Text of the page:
Eventually I got to the point where I could look up onto the flight deck and see the swarm of where registration and conflicts check was going on. There was a huge wall of black felt that contained cards marking assorted classes followed by cards with their open section numbers. For the classes that I needed there was almost nothing left and I still had at least another two hours or more in line. There were members of the teaching staff plowing through the crowd trying to help and every now and then one of the student assistants would pluck one of the section cards away and take it to the upper classman who would announce the closed course. It looked bleak for me.

Soon I spotted a familiar face in the crowd of people sitting in the dining room. It was Pat Kelley, a guy that’s I’d attended high school with in our tiny farm town of Freeland, Michigan! Pat was two years ahead of me at ERAU and had dropped in to see me and calm my apprehension a couple of days before I left for ERAU. Pat was in Aviation Maintenance Technology and was sitting in the UC playing chess. I asked if he’s already registered and replied that all of his classes were mandatory, so he would just wait until the nonsense was all over and get forced entries for everything… which is exactly what he did.

By the time I was nearing my turn to step into the madness the closed course guy began calling out “new section.” That meant that the school was opening up more sections for closed courses. This was not an easy task because first they had to find an instructor willing to take on the new section, then they had to find a classroom that was unoccupied and place that section in that time-slot. Yet, one after another new sections were popping up.

Conflicts check line- note the guy with the migraine.
c/o Phoenix yearbook 1978

After more than six hours in line I finally stepped onto the flight deck in order to register. We were shoulder to shoulder trying to figure out a schedule on the fly. By that time my wish-list registration form was toilet paper as nothing that I’d put on it was actually there anymore. Some were working very hard to get what they wanted, I just scribbled out a section for every class that I needed without regard for time or day. I figured “What the hell, I’m gonna be here anyway and I have nothing better to do during the days between now and the end of the term- so any day and any time was as good as any other.” I jotted out my classes and a few back-ups and jumped into the conflicts line. Amazingly I went right through, but when I got up to the faculty approval, I heard them do closed course for my “Foundations of Aviation” course! “Damn!” I half shouted. But Mr. Wencel, who I recall was doing my approval, just glanced up, sighed “Don’t worry about it,” and made me a forced entry into that class. He signed me off and said, “Welcome to Embry Riddle.”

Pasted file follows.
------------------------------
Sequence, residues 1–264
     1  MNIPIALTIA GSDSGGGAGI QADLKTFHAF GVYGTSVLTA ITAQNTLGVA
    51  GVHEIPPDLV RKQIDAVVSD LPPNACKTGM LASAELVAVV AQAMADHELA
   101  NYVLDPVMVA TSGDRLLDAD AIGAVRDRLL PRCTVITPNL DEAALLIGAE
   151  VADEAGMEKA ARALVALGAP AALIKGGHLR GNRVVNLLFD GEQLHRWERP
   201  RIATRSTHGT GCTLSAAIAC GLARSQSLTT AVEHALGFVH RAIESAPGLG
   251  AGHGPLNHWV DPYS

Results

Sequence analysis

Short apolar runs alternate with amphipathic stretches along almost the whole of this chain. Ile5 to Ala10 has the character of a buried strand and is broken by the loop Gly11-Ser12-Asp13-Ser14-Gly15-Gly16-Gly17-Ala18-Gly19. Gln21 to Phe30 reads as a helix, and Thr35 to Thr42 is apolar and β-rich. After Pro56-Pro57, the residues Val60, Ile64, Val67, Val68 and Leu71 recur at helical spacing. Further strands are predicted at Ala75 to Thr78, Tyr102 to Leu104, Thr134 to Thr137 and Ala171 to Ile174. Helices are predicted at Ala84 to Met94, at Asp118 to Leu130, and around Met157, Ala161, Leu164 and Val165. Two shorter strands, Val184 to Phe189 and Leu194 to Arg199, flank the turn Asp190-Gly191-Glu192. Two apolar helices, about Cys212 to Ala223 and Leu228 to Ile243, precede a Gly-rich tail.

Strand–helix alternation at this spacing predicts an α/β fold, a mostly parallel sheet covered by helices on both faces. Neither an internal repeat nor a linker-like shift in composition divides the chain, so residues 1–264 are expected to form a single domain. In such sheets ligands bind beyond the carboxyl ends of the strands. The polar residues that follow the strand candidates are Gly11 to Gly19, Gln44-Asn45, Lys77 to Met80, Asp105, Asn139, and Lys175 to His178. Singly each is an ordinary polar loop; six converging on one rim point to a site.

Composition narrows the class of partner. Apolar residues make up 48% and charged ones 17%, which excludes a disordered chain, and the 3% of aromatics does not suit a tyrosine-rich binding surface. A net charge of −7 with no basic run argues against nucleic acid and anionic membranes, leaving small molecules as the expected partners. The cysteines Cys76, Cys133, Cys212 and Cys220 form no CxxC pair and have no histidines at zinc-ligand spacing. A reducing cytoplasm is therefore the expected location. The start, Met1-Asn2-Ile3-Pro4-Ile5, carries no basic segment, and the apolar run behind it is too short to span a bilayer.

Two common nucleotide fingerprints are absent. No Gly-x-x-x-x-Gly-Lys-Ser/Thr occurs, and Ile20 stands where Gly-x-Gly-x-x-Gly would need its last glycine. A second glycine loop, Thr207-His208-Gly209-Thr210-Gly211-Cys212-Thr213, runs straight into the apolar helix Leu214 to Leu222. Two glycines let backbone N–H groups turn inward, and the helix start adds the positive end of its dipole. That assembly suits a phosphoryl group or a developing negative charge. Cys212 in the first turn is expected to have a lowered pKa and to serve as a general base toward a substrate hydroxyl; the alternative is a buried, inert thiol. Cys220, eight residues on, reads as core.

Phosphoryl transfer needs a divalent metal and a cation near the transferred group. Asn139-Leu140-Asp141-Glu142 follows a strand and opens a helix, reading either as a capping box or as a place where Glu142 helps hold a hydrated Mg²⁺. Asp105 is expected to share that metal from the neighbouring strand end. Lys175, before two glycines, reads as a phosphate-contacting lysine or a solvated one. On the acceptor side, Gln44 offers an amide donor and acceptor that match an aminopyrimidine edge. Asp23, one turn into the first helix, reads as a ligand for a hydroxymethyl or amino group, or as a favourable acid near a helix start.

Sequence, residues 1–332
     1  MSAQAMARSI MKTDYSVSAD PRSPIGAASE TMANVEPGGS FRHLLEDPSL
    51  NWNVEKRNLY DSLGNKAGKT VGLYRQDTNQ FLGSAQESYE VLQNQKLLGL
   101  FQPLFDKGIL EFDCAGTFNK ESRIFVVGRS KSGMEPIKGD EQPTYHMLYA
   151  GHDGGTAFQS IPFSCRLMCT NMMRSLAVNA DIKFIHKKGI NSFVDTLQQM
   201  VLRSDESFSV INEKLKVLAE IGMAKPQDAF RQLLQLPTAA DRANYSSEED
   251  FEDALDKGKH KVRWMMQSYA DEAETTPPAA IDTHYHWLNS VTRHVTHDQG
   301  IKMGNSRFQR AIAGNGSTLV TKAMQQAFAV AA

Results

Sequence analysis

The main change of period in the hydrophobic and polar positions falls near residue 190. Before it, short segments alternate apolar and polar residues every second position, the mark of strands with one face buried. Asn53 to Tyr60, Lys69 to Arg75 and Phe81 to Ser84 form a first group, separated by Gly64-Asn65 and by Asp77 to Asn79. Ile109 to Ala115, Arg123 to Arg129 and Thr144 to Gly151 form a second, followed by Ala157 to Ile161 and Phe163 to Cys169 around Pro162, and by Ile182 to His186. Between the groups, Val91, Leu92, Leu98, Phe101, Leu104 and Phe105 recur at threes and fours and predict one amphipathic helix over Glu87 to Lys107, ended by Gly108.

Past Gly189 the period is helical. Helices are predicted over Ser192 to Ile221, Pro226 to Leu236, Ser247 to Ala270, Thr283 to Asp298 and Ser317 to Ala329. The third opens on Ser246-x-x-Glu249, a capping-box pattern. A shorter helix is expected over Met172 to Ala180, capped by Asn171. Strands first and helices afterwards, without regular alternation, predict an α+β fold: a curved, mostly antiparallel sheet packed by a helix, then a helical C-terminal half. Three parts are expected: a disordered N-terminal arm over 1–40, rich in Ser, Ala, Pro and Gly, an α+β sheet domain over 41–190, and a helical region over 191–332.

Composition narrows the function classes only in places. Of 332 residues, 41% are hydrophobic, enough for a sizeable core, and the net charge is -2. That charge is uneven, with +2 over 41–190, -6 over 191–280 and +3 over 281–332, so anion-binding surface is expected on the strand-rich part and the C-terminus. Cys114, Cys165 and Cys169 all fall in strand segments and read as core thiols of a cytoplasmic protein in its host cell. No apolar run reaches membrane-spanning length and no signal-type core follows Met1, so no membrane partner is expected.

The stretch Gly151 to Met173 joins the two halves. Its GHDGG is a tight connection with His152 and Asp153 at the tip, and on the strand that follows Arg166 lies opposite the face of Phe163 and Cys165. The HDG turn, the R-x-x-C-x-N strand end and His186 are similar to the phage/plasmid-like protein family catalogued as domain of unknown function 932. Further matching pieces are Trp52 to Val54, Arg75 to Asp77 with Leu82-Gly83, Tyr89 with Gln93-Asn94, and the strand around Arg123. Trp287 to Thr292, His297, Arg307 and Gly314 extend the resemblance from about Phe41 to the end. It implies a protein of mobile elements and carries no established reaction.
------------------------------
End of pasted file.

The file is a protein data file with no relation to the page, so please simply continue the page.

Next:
In the years that followed the administration at ERAU took steps to ensure that the fall 1977 registration nightmare did not happen again- or at least not on the same scale. For the spring trimester, for example, those of us who were left from the fall got to register early and that at least helped us. As the years passed the computer revolution did much to streamline the process. Yet still the students and especially the freshmen bitched- not knowing how much worse it could be. After my being in and out of school, (sometimes for as long as two years,) while working my way through ERAU, I found myself in 1986 as an orientation leader. In that role were we did our best to help the new students as much as we could. On registration day I was assigned, as an advanced flight student, to help the new aero. science students with registration. I was standing in line with one kid who waited for exactly eight minutes to have his schedule signed off by none other than Mr. Wencel. He took one look at the kid’s paperwork, crossed out two classes that were filled and two that were the back-up list and picked out one from the third back-up list and signed off the guy’s schedule. Of course the kid was a bit shocked because he didn’t get exactly what he wanted and he objected. “That’s what ya’ got,” Wencel told him half smiling, then he looked at me, winked and told the kid, “Welcome to Embry-Riddle.”  As I guided the still perplexed freshman out of the line he looked at his schedule and said, “This sucks!”

Then he looked at me and said, “What’re you laughin’ about?”